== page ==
Wednesday 31 July 2013

John Horne Burns, 1916–1953 (American writer)

* John Horne Burns had Neptune rising at the very end of the 12th House at 5° Leo (Sabian Symbol: "rock formations at the end of a precipice"), ruling his Pisces Moon on the 8th cusp no less. He lived his life on the edge, too briefly and amidst controversy, and as a writer, transformed many of his darkest experiences into literature (Neptune is ruled by the Sun in conjunction with Mercury in the literary 3rd House). His critically-acclaimed first book, The Gallery (1947), is one of the first novels to unflinchingly depict gay life in the military (Uranus in Aquarius squares his Mars in Scorpio), but it was his only book to earn him praise. Ernest Hemingway summed up Burns' brief life as a writer thus: "There was a fellow who wrote a fine book and then a stinking book about a prep school and then just blew himself up." While ruling his ascending Neptune, Burns' Sun in Libra was itself ruled by Venus in the overly-critical first degree of Virgo in the 1st House. Sadly, he ended his days (and blew his talents) drinking to excess and complaining bitterly of critics, rivals, and both friends and enemies.


John Horne Burns (October 7, 1916 – August 11, 1953) was the author of three novels. The first, The Gallery (1947), is his best known work, which was very well received when published and has been reissued several times.

Several publishers rejected The Gallery before Harper & Row published it in June 1947 and it became a best-seller. It depicted life in Allied-occupied North Africa and Naples in 1944 from the perspective of several different characters. Without sentimentality, Burns explored the average man's resentment of the military, his struggle to assert his individuality within the complex war effort, the tension between officers and enlisted men, the psychological effects of dislocation, economic and social inequality between the Americans and those they defeated, the experience of homosexual military personnel, and the popular life of Naples in 1944 under the Allied occupation. The title referred to the Galleria Umberto I, a shopping arcade in Naples through which several of the characters pass. The work was unconventional in structure, comprising portraits of nine characters interspersed with eight recollections narrated by an anonymous American soldier following a route much like the one Burns tracked. Though largely a series of sad and painful vignettes, Burns's narrator manages a modestly positive assessment near the end: "I began to think that something good might be salvaged from the abattoir of the world. Though in the main all national decency and sense of duty mighty be dead, I saw much individual goodness and loveliness that reassured me." In the words of Paul Fussell, "Burns relied on discontinuity, like a sort of prose T.S. Eliot, thus suggesting incoherence as a contemporary social characteristic." Major newspapers and authors including Ernest Hemingway and Edmund Wilson praised it. The Saturday Review called the novel "the best war book of the year".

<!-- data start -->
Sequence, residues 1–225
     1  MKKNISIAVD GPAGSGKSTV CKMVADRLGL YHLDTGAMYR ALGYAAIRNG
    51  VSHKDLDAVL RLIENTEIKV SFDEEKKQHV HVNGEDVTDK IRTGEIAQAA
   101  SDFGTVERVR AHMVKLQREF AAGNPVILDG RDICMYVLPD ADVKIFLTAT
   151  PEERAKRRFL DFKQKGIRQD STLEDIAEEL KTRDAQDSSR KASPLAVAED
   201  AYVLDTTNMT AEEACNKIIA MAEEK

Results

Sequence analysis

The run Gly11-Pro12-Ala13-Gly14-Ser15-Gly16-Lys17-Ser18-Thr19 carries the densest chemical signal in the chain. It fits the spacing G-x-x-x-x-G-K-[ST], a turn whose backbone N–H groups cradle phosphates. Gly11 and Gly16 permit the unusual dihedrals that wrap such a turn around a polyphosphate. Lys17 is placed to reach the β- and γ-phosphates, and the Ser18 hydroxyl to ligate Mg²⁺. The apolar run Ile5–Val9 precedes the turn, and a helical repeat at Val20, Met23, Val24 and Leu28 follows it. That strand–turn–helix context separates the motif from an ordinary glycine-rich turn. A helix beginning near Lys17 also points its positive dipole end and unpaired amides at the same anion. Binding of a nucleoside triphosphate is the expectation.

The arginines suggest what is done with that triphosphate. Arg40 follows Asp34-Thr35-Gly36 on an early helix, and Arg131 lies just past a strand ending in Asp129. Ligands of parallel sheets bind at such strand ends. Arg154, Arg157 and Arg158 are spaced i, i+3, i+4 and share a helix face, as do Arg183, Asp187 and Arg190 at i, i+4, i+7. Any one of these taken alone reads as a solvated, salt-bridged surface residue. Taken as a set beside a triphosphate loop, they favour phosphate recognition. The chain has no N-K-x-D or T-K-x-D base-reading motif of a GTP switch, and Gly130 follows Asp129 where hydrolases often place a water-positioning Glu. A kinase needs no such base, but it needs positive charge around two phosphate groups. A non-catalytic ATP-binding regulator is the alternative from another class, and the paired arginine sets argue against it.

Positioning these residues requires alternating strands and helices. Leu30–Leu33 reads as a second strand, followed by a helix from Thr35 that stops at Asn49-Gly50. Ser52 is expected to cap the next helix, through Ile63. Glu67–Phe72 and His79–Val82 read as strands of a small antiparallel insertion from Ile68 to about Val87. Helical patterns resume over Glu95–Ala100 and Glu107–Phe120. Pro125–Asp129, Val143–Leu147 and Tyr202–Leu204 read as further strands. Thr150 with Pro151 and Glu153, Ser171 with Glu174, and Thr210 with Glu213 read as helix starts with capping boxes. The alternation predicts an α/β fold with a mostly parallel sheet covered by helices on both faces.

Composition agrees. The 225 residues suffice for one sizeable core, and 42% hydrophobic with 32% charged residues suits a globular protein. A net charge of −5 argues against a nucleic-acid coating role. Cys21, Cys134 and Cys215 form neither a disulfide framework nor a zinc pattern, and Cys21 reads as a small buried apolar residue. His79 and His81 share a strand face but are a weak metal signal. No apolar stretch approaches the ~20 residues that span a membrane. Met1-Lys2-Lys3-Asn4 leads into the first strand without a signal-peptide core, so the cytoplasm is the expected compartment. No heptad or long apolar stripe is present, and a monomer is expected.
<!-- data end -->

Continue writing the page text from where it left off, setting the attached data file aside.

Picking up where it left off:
Read more from Burns' Wikipedia biography.


BIRTH DATA: John Horne Burns, 7 October 1916, 23:59 (11:59 p.m.) EST (+5), Andover, Massachusetts, USA (42n39, 71w08). ASC: 5 Leo. RR: A/B (from him quoted in an autobiography). SOURCE: Sy Scholfield (©) quotes David Margolick, Dreadful: The Short Life and Gay Times of John Horne Burns (New York: Other Press, 2013), p. 11: "Burns was born, he wrote, in Andover, Massachusetts, at midnight on October 7, 1916 (as he liked to observe, the feast of the Most Holy Rosary). . ."

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